Abstract

Many policies and programs have relevance to intimate partner violence (IPV), such as no-drop policies, firearm-related policies, mandatory reporting, mandatory arrest, and others. IPV affects persons from a multitude of demographics and statuses. Dating violence has its mark on college campuses. The present research studies both attitudes toward IPV and attitudes toward interventions that pertain to IPV. Attitudes toward IPV have been found to relate to a number of explanatory variables: attributions, socioeconomic status, age, class standing, race/ethnicity, religion/spirituality, attitudes toward gender, violence in the family of origin, and previous IPV histories. Perceptions of IPV interventions have been found to relate to a number of explanatory variables as well: attitudes toward IPV, attributions, race/ethnicity, gender, age, socioeconomic status, education victim status, sexual orientation, attitudes regarding gender, and political variables. The present research administered a survey to undergraduate students at the University of Central Florida as a means to explore such perceptions.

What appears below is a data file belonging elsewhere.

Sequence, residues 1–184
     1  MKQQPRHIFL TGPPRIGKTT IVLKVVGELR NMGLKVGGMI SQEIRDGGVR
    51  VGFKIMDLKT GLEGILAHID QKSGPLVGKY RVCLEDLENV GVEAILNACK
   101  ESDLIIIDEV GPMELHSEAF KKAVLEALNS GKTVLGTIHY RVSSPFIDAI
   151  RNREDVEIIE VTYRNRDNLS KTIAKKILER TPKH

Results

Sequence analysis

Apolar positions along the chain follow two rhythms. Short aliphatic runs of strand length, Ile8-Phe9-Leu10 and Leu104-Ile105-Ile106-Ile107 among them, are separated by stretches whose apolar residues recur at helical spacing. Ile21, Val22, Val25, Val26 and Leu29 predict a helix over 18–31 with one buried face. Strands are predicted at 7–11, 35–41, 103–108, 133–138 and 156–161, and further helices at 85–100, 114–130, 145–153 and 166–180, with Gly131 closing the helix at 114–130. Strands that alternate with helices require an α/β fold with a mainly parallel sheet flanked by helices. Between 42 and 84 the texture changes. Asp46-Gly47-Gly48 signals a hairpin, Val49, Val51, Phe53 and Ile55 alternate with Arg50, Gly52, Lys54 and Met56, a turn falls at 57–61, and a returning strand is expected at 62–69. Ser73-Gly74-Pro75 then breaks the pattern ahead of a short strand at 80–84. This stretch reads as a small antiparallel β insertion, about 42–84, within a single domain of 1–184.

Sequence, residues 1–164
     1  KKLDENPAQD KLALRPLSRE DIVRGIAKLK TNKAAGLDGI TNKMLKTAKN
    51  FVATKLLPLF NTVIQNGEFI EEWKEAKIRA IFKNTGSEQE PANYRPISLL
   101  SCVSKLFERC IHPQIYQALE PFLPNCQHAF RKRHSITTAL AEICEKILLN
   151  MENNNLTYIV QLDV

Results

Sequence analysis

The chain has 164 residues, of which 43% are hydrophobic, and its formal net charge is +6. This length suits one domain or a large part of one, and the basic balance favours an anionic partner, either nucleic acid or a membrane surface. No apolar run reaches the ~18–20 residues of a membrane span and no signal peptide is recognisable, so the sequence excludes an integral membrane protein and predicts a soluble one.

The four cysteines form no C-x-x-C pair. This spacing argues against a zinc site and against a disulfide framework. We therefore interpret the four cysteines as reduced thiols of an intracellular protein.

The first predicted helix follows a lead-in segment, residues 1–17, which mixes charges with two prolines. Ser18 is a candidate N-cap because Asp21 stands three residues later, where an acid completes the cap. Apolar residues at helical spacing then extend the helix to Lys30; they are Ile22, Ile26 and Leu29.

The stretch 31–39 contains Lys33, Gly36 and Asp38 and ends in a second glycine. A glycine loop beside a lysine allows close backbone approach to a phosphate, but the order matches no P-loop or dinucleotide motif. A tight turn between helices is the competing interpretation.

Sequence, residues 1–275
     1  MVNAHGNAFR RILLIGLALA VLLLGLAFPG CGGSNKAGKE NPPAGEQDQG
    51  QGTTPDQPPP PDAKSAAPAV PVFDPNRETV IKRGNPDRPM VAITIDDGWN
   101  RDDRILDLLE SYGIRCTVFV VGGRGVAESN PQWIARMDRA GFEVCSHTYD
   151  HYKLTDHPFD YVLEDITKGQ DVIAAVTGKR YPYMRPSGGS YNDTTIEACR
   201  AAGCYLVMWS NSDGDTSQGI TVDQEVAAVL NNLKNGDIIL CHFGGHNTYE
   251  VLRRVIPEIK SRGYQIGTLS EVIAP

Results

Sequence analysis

Notes

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Thesis Completion

2015

Semester

Fall

Advisor

Donley, Amy M.

Degree

Bachelor of Arts (B.A.)

College

College of Sciences

Department

Sociology

Degree Program

Sociology

Subjects

Dissertations, Academic -- Sciences; Sciences -- Dissertations, Academic

Format

PDF

Identifier

CFH0004903

Language

English

Access Status

Open Access

Length of Campus-only Access

None

Document Type

Honors in the Major Thesis

Included in

Sociology Commons

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